5. Solutions are multifaceted.
Beach cleanups tend to make headlines, but it's a losing battle as long as petrochemical companies keep producing so much plastic and we keep using plastic for products we're meant to toss after a single use.
The September study in Science on plastic solutions found that it's possible to cut plastic pollution — perhaps as much as 80% by 2040 — but it will take systemic change both in reducing the amount of plastic produced and in better managing the waste stream.
Regulatory efforts can help this process, including by regulating plastic as a pollution source under the Clean Water Act.
Efforts to ban single-use plastics, as the European Union aims to do by 2021, are another positive step. So too are "circular economy laws," which have been introduced, but not yet passed, in the United States.
These laws would halt the production of new petrochemical facilities and encourage businesses to take responsibility for the full lifecycle of the products they produce by requiring them to be reused, adequately recycled or composted.
Getting circular economy laws enacted, though, will mean enough public and political will to counter the petrochemical, fossil fuel and plastic industries.
At The Revelator, we'll keep covering the push for solutions to the plastic problem and new science to better understand the threats. And if you want to know more about how wildlife has already been affected, what laws could help, whether industry will be held accountable and more, check out these stories from our archives:
Laws and Regulations
Tara Lohan is deputy editor of The Revelator and has worked for more than a decade as a digital editor and environmental journalist focused on the intersections of energy, water and climate. Her work has been published by The Nation, American Prospect, High Country News, Grist, Pacific Standard and others. She is the editor of two books on the global water crisis.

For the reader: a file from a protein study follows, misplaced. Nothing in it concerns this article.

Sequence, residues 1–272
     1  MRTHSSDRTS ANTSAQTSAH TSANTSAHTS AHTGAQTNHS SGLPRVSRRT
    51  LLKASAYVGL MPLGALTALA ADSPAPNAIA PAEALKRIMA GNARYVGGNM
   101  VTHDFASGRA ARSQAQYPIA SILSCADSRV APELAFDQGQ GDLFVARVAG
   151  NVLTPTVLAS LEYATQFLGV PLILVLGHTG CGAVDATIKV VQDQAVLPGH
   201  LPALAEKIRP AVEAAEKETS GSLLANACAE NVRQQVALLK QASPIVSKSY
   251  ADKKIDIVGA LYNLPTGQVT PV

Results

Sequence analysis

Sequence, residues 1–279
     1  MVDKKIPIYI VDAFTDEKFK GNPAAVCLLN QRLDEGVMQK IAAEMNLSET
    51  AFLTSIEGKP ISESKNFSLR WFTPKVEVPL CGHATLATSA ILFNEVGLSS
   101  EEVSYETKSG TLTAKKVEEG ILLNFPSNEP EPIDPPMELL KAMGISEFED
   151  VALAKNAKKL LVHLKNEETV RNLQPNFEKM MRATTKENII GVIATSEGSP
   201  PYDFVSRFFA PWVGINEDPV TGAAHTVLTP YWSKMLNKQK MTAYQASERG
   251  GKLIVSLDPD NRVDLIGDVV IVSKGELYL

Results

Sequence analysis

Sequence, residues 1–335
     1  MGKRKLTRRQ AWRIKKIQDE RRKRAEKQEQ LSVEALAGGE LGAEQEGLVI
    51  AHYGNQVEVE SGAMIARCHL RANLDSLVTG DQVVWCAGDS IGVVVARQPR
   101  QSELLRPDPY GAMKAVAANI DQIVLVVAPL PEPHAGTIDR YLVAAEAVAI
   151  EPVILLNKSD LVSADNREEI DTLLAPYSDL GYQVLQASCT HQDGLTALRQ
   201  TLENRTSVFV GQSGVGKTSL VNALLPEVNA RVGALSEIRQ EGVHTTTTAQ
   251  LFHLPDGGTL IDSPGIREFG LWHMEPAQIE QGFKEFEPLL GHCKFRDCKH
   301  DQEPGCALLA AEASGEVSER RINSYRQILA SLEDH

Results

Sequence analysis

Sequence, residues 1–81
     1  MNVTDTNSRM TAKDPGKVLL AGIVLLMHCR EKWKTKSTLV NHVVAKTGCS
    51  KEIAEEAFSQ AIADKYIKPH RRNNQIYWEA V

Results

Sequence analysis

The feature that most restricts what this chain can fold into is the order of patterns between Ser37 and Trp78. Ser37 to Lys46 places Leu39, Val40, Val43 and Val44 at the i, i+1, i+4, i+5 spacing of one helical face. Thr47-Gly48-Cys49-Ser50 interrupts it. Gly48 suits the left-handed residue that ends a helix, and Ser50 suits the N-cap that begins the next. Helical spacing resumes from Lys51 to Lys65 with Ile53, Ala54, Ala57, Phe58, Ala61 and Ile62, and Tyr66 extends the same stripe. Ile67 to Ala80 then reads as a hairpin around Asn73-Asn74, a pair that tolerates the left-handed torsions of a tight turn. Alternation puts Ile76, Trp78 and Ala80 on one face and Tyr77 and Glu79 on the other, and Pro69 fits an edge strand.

Reposted with permission from The Revelator.
- Most Meat Will Be Plant-Based or Lab-Grown in 20 Years, Analysts ... ›
- Lab-Grown Meat Debate Overlooks Cows' Range of Use Worldwide ... ›
- Will Plant-Based Meat Become the New Fast Food? - EcoWatch ›
EcoWatch Daily Newsletter
One city in New Zealand knows what its priorities are.
Dunedin, the second largest city on New Zealand's South Island, has closed a popular road to protect a mother sea lion and her pup, The Guardian reported.
piyaset / iStock / Getty Images Plus
- No Country Is Protecting Children's Health, Major Study Finds ... ›
- 'Every Child Born Today Will Be Profoundly Affected by Climate ... ›
By Jeff Masters, Ph.D.
Earth had its second-warmest year on record in 2020, just 0.02 degrees Celsius (0.04°F) behind the record set in 2016, and 0.98 degrees Celsius (1.76°F) above the 20th-century average, NOAA reported January 14.
Figure 1. Departure of temperature from average for 2020, the second-warmest year the globe has seen since record-keeping began in 1880, according to NOAA. Record-high annual temperatures over land and ocean surfaces were measured across parts of Europe, Asia, southern North America, South America, and across parts of the Atlantic, Indian, and Pacific oceans. No land or ocean areas were record cold for the year. NOAA National Centers for Environmental Information
Figure 2. Total ocean heat content (OHC) in the top 2000 meters from 1958-2020. Cheng et al., Upper Ocean Temperatures Hit Record High in 2020, Advances in Atmospheric Sciences
Figure 3. Departure of sea surface temperature from average in the benchmark Niño 3.4 region of the eastern tropical Pacific (5°N-5°S, 170°W-120°W). Sea surface temperature were approximately one degree Celsius below average over the past month, characteristic of moderate La Niña conditions. Tropical Tidbits
- NASA and NOAA: Last Decade Was the Hottest on Record - EcoWatch ›
- Earth Just Had Its Hottest September Ever Recorded, NOAA Says ... ›
In December of 1924, the heads of all the major lightbulb manufacturers across the world met in Geneva to concoct a sinister plan. Their talks outlined limits on how long all of their lightbulbs would last. The idea is that if their bulbs failed quickly customers would have to buy more of their product. In this video, we're going to unpack this idea of purposefully creating inferior products to drive sales, a symptom of late-stage capitalism that has since been coined planned obsolescence. And as we'll see, this obsolescence can have drastic consequences on our wallets, waste streams, and even our climate.
- Consumer Society No Longer Serves Our Needs - EcoWatch ›
- Electronic Waste: New EU Rules Target Throwaway Culture ... ›